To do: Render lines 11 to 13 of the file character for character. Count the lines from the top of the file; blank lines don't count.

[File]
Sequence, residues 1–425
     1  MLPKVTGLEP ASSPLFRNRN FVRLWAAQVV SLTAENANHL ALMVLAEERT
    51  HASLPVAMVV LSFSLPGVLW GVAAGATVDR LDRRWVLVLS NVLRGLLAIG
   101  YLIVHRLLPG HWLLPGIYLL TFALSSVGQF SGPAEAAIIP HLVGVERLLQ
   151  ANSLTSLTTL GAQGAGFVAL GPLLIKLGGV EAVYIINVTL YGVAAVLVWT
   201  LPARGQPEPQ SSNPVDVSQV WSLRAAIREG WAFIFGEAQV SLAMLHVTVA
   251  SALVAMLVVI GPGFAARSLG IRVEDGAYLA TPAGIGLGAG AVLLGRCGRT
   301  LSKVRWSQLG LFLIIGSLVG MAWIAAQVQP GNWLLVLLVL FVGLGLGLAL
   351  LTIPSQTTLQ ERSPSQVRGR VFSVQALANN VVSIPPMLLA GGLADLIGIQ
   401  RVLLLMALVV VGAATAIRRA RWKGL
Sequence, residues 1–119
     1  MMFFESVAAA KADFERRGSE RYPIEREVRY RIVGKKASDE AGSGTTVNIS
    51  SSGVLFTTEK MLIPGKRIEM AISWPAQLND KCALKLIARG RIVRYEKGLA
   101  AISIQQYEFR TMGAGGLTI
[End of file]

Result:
Sequence, residues 1–119
     1  MMFFESVAAA KADFERRGSE RYPIEREVRY RIVGKKASDE AGSGTTVNIS
    51  SSGVLFTTEK MLIPGKRIEM AISWPAQLND KCALKLIARG RIVRYEKGLA